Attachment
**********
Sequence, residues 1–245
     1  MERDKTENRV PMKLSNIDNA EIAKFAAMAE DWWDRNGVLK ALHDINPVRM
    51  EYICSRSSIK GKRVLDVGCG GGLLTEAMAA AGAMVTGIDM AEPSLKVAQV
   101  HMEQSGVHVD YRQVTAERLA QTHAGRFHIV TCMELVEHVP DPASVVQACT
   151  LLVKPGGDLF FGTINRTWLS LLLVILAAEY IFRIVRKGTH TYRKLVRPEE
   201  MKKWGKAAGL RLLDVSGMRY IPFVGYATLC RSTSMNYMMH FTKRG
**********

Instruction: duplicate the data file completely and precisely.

Sequence, residues 1–245
     1  MERDKTENRV PMKLSNIDNA EIAKFAAMAE DWWDRNGVLK ALHDINPVRM
    51  EYICSRSSIK GKRVLDVGCG GGLLTEAMAA AGAMVTGIDM AEPSLKVAQV
   101  HMEQSGVHVD YRQVTAERLA QTHAGRFHIV TCMELVEHVP DPASVVQACT
   151  LLVKPGGDLF FGTINRTWLS LLLVILAAEY IFRIVRKGTH TYRKLVRPEE
   201  MKKWGKAAGL RLLDVSGMRY IPFVGYATLC RSTSMNYMMH FTKRG